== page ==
When you discover your child has a hearing loss, you can feel isolated and alone. But that’s not the case. There are many families in your situation. 

The good thing is that early intervention can empower you and help your child develop the necessary skills to thrive in their pre-school years. 

Our research highlights that what parents need is not more information on the topic of hearing loss but what is relevant for their child as they develop through different stages of life. 



A Bilingual Approach To Early Intervention

Research has shown that a bilingual approach to early intervention that includes exposure to both Australian Sign Language (Auslan) and English can have significant benefits for children who are deaf or hard of hearing, improving their language development, literacy skills, and overall academic achievement.

In this resource, we explore the importance of a bilingual approach to early intervention and provide information about resources and services available to families and healthcare professionals in promoting bilingualism.

Download Resource Here
Early intervention hero

Lorcan's Story

First time parents, Caitriona and Jason talk about their bi-lingual and bi-cultural journey after discovering their son Lorcan is deaf from a condition called Microtia Atresia.

Watch this film for their tips to parents who are navigating language development through hearing aids and sign language.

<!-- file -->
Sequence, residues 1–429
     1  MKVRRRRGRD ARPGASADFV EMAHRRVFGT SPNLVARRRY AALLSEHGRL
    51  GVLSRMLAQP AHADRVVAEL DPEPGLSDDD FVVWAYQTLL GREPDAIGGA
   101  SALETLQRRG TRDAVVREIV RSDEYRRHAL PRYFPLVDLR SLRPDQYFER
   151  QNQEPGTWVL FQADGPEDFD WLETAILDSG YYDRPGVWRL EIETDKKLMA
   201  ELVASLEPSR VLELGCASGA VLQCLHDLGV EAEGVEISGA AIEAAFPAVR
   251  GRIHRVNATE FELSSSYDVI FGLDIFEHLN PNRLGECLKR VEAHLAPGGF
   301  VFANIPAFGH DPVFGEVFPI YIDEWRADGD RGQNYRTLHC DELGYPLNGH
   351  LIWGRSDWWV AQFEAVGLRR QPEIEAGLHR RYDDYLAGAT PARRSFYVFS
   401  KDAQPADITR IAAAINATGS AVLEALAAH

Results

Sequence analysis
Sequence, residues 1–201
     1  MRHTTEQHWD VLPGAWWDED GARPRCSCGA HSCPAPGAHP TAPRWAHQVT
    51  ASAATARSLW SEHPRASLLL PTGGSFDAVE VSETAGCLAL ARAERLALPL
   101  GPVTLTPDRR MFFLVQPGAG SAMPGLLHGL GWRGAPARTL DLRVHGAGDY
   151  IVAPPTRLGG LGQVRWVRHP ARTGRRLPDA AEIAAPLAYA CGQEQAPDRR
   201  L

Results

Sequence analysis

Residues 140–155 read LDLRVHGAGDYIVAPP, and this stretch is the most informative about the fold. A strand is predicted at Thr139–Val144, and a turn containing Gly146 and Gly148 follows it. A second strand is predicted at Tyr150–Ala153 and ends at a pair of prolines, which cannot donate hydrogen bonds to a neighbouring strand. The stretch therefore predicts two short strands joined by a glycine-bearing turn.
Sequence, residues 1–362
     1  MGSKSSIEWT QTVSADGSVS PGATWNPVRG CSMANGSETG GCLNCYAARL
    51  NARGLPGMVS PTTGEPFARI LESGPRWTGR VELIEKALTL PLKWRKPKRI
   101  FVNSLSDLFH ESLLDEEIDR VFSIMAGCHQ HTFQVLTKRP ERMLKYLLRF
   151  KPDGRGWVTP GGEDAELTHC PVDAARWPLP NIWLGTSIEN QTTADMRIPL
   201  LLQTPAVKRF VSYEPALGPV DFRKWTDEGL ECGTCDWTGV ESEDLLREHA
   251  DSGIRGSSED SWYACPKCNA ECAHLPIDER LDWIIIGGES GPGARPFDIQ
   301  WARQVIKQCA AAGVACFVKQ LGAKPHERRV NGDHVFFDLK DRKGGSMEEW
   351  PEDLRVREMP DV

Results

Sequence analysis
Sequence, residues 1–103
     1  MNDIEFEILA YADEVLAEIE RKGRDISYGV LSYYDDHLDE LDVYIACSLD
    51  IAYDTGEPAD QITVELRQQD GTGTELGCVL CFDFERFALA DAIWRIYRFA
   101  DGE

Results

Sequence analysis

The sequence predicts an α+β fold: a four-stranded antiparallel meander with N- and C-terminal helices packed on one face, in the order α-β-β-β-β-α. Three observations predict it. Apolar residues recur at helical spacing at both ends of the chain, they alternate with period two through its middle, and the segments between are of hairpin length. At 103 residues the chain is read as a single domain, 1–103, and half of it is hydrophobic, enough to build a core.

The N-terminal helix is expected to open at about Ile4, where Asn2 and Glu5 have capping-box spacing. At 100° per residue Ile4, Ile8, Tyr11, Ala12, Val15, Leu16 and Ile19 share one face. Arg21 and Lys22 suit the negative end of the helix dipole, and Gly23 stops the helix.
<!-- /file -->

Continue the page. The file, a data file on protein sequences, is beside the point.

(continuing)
Insights from Teachers of the Deaf

For profound insights into how to navigate this journey, watch our film of interviews with leading Teachers of the Deaf: Leonie Jackson, Breda Carty and Lou De Beuzeville.  

You will get valuable insights and tips so you can empower your child’s communication journey, identity and sense of belonging. 

Community Support

If you’ve just found out that your newborn has a hearing loss, it could feel like your world has been turned upside down. 

In reality, you’ve just become part of a vibrant community of families with deaf and hard of hearing children who share common experiences and offer each other incredible support. 

There are parent groups, play groups, story times and many activities for you and your child to be part of. Developing your community will not only give you support and confidence, it will provide rich social and linguistic experiences for your child. 

Watch our film about assembling the village of supports around your child – Pip’s Story.